Amid unrest over controversial mining projects, President Humala has appointed a new Prime Minister, Juan Jimenez, the former minister of Justice, and five new ministers. The cabinet appointments show continuity in market-friendly policies as, for instance, the Finance minister remains in his post. The main challenge of the new cabinet will be to regain trust from local communities and provincial governments. Indeed, the former Prime Minister, Oscar Valdes, a retired army officer, adopted a hard line against mining protests and declared states of emergency following violent protests against Conga mining projects - a USD 4.8bn gold and copper mining project which is highly contested by the local community amid water supply concerns. Another important challenge for the government would be to deliver concrete results in terms of social inclusion policies as expectations among low-income and indigenous community are high and as many Peruvians complain that the government has not done enough to share wealth from mining activities.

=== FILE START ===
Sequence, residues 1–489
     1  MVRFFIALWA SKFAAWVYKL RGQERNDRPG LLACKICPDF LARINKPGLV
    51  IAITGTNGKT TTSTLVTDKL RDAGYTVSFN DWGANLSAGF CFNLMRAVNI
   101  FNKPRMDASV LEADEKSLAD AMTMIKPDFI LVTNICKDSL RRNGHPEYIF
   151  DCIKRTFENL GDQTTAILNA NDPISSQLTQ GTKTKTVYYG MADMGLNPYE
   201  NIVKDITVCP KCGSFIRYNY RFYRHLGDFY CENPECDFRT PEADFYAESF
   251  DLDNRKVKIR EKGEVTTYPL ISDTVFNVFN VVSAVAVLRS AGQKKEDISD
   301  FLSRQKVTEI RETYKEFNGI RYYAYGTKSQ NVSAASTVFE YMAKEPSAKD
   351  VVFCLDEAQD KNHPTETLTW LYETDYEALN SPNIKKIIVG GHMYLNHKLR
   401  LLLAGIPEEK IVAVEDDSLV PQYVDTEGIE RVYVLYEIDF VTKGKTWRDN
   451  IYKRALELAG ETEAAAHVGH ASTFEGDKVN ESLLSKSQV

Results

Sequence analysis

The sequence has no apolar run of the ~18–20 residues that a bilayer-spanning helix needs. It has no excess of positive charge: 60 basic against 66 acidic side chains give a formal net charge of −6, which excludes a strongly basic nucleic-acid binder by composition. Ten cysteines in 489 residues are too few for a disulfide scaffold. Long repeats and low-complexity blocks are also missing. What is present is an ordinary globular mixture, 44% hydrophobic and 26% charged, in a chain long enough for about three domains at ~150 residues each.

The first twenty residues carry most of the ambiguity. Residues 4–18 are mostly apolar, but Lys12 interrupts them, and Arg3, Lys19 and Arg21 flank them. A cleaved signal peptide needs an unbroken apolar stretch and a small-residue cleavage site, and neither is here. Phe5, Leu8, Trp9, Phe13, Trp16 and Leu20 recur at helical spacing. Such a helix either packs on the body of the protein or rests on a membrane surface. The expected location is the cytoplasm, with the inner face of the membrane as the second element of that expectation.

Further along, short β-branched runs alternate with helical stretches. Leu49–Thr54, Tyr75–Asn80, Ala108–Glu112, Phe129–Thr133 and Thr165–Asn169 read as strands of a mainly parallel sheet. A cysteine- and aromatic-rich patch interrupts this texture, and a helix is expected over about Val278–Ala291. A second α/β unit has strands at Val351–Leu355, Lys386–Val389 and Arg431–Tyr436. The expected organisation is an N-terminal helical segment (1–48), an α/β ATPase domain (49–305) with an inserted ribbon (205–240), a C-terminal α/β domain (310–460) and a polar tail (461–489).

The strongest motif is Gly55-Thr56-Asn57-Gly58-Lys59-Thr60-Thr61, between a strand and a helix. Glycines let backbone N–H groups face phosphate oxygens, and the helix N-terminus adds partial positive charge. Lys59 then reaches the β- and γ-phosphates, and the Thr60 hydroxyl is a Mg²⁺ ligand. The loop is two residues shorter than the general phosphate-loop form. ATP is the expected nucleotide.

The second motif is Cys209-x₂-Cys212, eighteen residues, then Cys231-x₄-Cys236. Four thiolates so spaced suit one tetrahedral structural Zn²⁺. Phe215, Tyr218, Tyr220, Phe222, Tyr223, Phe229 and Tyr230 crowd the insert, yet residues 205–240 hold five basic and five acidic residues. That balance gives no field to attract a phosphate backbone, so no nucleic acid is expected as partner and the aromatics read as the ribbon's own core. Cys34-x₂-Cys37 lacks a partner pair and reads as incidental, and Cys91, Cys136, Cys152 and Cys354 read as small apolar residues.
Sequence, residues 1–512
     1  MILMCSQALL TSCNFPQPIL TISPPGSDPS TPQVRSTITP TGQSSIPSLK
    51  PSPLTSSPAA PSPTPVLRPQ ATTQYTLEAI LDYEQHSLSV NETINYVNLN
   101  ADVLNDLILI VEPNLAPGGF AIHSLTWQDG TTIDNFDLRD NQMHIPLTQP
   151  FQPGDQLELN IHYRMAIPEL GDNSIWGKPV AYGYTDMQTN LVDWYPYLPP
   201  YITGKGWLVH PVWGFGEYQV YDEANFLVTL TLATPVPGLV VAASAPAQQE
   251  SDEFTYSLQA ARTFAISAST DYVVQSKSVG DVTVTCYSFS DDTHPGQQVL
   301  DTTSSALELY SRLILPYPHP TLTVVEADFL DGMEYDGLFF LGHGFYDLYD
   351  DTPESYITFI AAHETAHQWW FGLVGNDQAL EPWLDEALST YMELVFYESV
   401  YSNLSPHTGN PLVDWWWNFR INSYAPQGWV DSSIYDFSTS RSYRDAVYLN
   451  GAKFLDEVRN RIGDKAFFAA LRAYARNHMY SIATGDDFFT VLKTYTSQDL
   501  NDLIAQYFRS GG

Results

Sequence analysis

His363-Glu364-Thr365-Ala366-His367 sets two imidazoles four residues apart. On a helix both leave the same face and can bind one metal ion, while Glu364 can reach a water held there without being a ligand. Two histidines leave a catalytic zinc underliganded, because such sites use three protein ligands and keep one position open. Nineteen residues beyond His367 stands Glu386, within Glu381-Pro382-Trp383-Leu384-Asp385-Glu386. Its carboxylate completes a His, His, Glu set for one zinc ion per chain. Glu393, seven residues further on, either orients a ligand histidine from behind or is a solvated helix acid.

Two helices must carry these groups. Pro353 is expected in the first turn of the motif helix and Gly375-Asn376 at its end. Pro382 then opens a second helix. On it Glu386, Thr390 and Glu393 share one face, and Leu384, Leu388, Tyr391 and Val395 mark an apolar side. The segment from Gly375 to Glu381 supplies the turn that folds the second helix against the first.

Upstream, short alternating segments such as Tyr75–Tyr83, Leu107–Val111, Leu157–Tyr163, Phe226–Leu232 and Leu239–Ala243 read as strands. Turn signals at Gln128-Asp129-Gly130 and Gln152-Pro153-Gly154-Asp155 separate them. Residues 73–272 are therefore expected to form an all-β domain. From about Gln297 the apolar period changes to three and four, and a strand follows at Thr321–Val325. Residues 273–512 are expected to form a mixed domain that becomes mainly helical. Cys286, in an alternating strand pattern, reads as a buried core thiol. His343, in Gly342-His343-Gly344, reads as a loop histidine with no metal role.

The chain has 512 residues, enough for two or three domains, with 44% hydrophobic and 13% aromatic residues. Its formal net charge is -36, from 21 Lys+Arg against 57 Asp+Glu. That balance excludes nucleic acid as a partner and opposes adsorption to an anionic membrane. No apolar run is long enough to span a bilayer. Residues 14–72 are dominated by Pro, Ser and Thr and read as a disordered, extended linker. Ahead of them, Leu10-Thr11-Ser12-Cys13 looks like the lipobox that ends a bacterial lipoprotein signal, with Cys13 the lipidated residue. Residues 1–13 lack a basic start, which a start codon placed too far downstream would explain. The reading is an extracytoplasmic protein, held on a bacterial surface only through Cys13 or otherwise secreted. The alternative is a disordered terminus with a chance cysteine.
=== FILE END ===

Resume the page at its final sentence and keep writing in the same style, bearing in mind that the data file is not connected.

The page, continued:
Impact on country risk
Recent cabinet appointments and President Humala’s annual address to Congress highlight that the government is committed to increase social spending and to maintain its current business-friendly economic policies. Nevertheless, social unrest surrounding the mining project remains a major challenge for Mr Humala, who was elected thanks to the support of the rural poor and has promised better social and investment standards in the mining industry which represented the main source of exports revenues. Despite political turbulence, the Peruvian economy is expected to grow by more than 5% in 2012, among the fastest in Latin America.
Analyst: Pascaline della Faille, email@example.com